Recommendation: Fuck no, go watch the PBS Frontline documentary on concussions in the NFL instead
Where to read: On the road from Katherine to Alice Springs apparently
Read with: Maybe absinthe would help this make sense…
In brief: This book filled me with utter fury, not because of the subject matter (although that is also plenty appalling) but because it is so abominably done. I genuinely struggle to recall the last time I encountered a book this poorly structured and incoherently conceptualised.
The story of the concussion crisis and the discovery of CTE is now fairly well known, particularly in relation to the NFL. Will Smith’s Concussion and Frontline’s League of Denial in particular have given the story excellent fictional and non-fictional treatment respectively. What has been missing is a comprehensive examination of concussion risks in sport more generally, including rugby, hockey, AFL and soccer, the last being particularly urgent given most parents regard it as the safer alternative for their children.
Unfortunately, A Delicate Game is not that examination. It is instead one of the most garbled, poorly written, infuriatingly self-indulgent pieces of non-fiction I have read in some time. To call the structure poor would be overly generous by implying that it had a structure at all – it is instead an amorphous blob of text an editor has cut into chapter size chunks. The author’s background is in audio documentaries apparently, and I suspect she’s used to cutting between stories, constant call-backs and frequent repetitions. The result of whatever approach she thought she was taking is, however, an ungodly mess. She flicks between interviews, individual stories and rants about the perfidy of various sporting bodies largely at random, only very occasionally settling on a subject long enough to actually get a point across. The accounts of British schoolboy Benjamin Robinson’s death, the emerging research around domestic violence and traumatic brain injuries and CTE and a section on the AFL’s handling of the issue on Australia are all valuable but they just get lost in the mess.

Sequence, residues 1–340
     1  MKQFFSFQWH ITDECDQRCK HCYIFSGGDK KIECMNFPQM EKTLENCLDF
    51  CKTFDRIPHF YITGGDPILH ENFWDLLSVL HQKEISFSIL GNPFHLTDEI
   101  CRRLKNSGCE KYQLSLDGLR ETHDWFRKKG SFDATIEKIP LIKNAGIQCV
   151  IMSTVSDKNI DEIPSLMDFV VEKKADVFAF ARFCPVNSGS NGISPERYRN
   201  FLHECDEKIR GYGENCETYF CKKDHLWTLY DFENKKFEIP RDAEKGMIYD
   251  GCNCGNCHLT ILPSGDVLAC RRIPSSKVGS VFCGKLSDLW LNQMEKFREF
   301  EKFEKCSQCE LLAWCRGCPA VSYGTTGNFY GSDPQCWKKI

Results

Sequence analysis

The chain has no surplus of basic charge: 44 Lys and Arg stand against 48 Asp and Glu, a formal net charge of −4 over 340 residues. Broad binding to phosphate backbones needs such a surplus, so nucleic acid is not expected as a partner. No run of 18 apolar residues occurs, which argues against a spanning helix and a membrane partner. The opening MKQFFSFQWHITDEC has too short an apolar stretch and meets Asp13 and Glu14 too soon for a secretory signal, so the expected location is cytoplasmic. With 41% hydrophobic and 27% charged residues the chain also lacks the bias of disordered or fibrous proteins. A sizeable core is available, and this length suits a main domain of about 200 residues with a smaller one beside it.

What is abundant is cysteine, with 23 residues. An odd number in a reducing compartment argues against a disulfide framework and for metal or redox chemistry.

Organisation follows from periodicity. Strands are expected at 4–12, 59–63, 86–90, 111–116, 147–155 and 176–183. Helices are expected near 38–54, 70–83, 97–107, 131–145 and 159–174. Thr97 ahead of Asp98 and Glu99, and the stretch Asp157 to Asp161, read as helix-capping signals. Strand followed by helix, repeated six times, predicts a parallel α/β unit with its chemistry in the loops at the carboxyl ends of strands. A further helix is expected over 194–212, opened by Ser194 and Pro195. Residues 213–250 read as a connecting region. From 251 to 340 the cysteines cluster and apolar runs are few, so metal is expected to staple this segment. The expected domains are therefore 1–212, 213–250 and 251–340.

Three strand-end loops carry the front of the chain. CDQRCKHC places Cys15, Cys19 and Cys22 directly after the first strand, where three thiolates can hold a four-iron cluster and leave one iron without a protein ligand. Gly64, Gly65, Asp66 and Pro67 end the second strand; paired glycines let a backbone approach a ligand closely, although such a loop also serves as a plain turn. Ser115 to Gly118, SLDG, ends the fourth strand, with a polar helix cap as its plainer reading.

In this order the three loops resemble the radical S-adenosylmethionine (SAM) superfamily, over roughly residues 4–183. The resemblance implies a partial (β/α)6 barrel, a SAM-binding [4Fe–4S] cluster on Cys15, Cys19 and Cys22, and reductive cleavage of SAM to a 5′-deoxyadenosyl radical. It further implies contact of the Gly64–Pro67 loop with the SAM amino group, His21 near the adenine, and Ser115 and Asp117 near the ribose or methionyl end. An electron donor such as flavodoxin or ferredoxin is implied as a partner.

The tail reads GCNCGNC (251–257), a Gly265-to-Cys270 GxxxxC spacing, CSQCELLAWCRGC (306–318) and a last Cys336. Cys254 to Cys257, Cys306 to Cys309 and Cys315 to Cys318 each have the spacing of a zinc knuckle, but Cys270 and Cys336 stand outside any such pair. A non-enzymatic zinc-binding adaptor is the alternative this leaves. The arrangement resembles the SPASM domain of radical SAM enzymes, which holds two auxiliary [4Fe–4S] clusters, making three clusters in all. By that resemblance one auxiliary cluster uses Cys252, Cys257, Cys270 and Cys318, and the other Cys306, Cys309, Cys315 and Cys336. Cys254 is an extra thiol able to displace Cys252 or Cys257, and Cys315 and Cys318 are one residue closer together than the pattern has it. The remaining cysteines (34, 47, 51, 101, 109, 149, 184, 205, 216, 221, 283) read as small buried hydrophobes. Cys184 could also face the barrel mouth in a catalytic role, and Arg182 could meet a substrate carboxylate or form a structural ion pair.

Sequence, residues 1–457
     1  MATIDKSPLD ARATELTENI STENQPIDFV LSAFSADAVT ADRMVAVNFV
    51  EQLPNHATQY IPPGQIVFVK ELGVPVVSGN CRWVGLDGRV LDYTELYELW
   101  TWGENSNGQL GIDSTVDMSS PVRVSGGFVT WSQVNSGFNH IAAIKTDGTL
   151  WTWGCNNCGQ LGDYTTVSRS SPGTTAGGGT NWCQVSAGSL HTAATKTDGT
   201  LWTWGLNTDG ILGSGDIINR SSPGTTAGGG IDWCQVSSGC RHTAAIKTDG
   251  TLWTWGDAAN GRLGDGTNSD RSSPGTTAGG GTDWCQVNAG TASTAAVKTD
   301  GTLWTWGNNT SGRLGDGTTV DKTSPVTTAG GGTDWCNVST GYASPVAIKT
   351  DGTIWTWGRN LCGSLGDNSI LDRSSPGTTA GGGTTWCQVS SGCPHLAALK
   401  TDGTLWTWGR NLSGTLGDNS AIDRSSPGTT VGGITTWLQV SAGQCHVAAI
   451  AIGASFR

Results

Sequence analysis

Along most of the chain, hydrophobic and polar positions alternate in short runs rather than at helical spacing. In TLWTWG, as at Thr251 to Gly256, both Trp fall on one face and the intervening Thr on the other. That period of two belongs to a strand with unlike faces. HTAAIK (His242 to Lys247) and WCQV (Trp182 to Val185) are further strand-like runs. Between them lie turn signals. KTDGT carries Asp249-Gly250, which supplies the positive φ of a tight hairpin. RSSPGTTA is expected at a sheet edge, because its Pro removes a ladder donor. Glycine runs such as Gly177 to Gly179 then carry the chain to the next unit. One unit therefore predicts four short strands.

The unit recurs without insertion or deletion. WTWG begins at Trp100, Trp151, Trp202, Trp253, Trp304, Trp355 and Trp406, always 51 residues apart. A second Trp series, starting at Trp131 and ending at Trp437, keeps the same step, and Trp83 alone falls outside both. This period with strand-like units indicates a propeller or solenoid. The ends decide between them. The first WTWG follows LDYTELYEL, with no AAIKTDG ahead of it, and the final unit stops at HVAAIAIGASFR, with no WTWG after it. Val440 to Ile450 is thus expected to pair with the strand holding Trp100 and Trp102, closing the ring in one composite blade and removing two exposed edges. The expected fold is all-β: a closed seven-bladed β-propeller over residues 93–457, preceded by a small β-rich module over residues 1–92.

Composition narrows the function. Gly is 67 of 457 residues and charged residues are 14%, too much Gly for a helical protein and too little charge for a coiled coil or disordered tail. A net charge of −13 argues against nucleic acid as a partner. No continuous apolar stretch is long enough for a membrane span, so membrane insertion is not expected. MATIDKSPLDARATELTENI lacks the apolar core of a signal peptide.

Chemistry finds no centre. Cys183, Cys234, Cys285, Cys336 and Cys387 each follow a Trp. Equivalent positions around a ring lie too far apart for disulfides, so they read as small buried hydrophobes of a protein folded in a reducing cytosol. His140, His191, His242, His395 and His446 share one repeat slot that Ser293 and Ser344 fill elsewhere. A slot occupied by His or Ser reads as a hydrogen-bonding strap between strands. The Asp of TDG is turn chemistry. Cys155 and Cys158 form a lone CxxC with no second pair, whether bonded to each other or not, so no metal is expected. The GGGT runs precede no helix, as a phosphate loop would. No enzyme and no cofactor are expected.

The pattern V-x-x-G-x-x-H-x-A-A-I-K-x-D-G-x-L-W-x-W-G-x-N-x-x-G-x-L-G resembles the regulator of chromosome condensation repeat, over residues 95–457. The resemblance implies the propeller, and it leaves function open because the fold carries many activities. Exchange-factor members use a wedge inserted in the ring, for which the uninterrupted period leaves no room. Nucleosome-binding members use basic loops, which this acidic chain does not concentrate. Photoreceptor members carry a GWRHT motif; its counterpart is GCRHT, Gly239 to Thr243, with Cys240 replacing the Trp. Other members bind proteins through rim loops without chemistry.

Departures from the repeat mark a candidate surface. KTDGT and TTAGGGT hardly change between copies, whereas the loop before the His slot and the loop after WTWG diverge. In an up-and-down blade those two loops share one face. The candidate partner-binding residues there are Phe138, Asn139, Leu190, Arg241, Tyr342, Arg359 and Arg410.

Even more irksome is Walker-Brown’s constant insertion of herself into the narrative which, in fairness, I suspect is also a reflection of her background and transposition of ‘podcast style’ to book form. Sometimes this approach has merit, particularly where an author is explaining sourcing or where particular bits of research have come from. In this case, however, it just adds to the mess and, worse, often undermines the points I think she is trying to make rather than humanising her interviewees. The complete failure to convey scientific seriousness is a particularly glaring fault, with Walker-Brown’s asides about the various scientists foibles an unwelcome distraction from the seriousness of their research.
The unfortunate effect of these combined flaws is that A Delicate Game, far from presenting either a compelling argument about the danger of concussion in sport or balanced treatment of the debate, reads for the most part like the transcript of a true crime podcast, and not the good kind. This is more the kind where there is a thousand stupid twists and turns because the podcaster thinks they are smarter than the police and it goes on and on and then it turns out the really obvious person probably did it and also the podcaster should get sued for defamation.